Putin, Master of Europe?

Credit: Alexei Druzhinin / RIA Novosti / Associated Press
Credit: Alexei Druzhinin / RIA Novosti / Associated Press

Is Russia winning its war against Europe? It surely looks like it. Since 2008, Putin’s Russia has been over active in dividing and conquering the members of the European Union and the Euro-Atlantic community (the North Atlantic Treaty Organization). Vladimir Putin, President of Russia, has been successful by implementing a strategy on two fronts: regional/international and domestic. Despite his track record of not bidding himself to any agreement, Putin has transformed Russia into the ‘indispensable nation’ in Europe.

Geopolitics – Maintaining Regional/International Chaos

Putin understands one thing: safeguarding Russia’s neighborhood and empowering its sphere of influence at any cost. In order to fulfill both goals, Putin has been using military force in order to limit the horizontal expansion of NATO and the EU. On the European continent, Russia is the only state willing to use military force to advance its interest. It has done so in Georgia in 2008 and in Ukraine since 2013 (this does not include the lengthy war in Chechnya). In 2008, Putin saw the need to attack Georgia as the Bush administration was foreseeing the incorporation of Georgia within NATO. By attacking Georgia, Putin forced Euro-Atlantic leaders to rethink about the consequence and strategic soundness of including a small state like Georgia within the Alliance. The Article 5 was a powerful deterrent during the Cold War, but could be in the current multipolar order a threat to the security of the Euro-Atlantic community.

In 2013, Ukraine was on its way to sign a trade agreement with the EU. Putin saw it as a threat and pushed its influence over the corrupted and pro-Russian leadership, Viktor Yanukovych. Ukrainian President abruptly ended the talks causing pro-Western manifestations in Kiev. In a matter of months, Yanukovych had fled Ukraine, Russia had annexed Crimea and continues supporting pro-Russian militiamen in Eastern Ukraine. Though the annexation of Crimea was not enough to unite the 28 EU Member States against Russia, the evidences gathered by NATO demonstrating the clear military involvement of Russia in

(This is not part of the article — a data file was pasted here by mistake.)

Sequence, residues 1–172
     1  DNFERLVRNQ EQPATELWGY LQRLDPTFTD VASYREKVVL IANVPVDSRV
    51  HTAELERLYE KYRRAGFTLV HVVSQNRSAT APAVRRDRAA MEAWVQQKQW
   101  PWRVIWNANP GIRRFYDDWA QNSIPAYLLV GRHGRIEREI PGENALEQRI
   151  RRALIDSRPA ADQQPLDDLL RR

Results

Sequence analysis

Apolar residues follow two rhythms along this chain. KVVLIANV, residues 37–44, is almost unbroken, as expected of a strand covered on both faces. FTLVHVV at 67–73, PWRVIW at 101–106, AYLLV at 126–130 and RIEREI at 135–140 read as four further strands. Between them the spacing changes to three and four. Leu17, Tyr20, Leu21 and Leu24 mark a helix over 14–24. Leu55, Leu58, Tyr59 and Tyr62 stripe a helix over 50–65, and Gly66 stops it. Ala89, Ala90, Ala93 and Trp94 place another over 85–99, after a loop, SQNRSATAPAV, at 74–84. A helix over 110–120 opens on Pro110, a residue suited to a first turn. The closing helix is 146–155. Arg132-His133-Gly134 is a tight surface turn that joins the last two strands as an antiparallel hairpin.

Picture: Reuters
Picture: Reuters

Eastern Ukraine permitted the 28 EU leaders to implement sanctions against Russian individuals and corporations.

Putin was again the heart of the February negotiations with Angela Merkel of Germany and François Hollande of France in order to agree on the baseline for a ceasefire in Eastern Ukraine. The Minsk provisions have not lived to the promises hoped by Europeans.

Aside from the use of military power, Putin has been working on the creation of a Eurasian Union. This Union initiated by Vladimir Putin is a way to balance out the European Union and the North Atlantic Treaty Organization. The Eurasian Union has allowed Putin to attract regional countries from the EU to his Union. As per Nico Popescu of the EU-ISS, it exists two Eurasian Union: one real, an economic union; and, one imagined with geopolitical aspirations. The first one, the Eurasian Economic Union, is led by the Eurasian Economic Commission, which has a staff of 1,000 employees, which was established by the Eurasian Union treaty in May 2014. While the second union, with geopolitical role, is the center point of Putin’s third term seeking to become an organization, like the EU, NAFTA among other, and reintegrating former states of the Soviet Union under one entity.

The Eurasian Economic Union (EEU) is currently under construction. The Treaty came into force on January 1st, 2015 with three core members, Belarus, Kazakhstan and Russia, and Armenia (entering on January 2nd) and Kyrgyzstan joining in May 2015. As presented by Ian Bremmer of the Eurasia Group the EEU in perspective is quite considerable: “The size of the EEU is not the primary cause for concern; rather, it’s what it reveals about Vladimir Putin and his commitment to maintaining regional dominance. It’s why he will go to such extremes to keep Ukraine from joining Western institutions like the EU or NATO. He’s not willing to cede this sphere of influence, and Ukraine is the crown jewel; there is no viable, robust Eurasian Union without Ukraine.”

Vladimir Putin has masterfully locked in the control of geopolitics in Europe, the Caucasus and Central Asia. Additionally, Putin has increased his influence in the conflicts in the Middle East. Bashar al-Assad, President of Syria, owes his power to Putin as he reached at the last minute to his American counterpart, President Obama, in order to agree on an international deal to destroy Syrian chemical weapons.

Playing with European Domestic Malaise

Within the European Union, Russia has been highly successful in creating disunity among the 28 Member States. Putin has used two aspects to Russia’s advantages: Europe’s energy dependence and the sluggish European economic context.

On the question of energy, the EU-28 are highly dependent on Russian hydrocarbons (gas and oil). Germany, France, Italy, Greece and Eastern EU Member States need a constant influx of Russian energy in order to maintain their economic and industrial engines going. Europeans have dealt, poorly, with the security of supply of energy as illustrated below.

Chart: European Dependence on Russian hydrocarbons (2002-2012)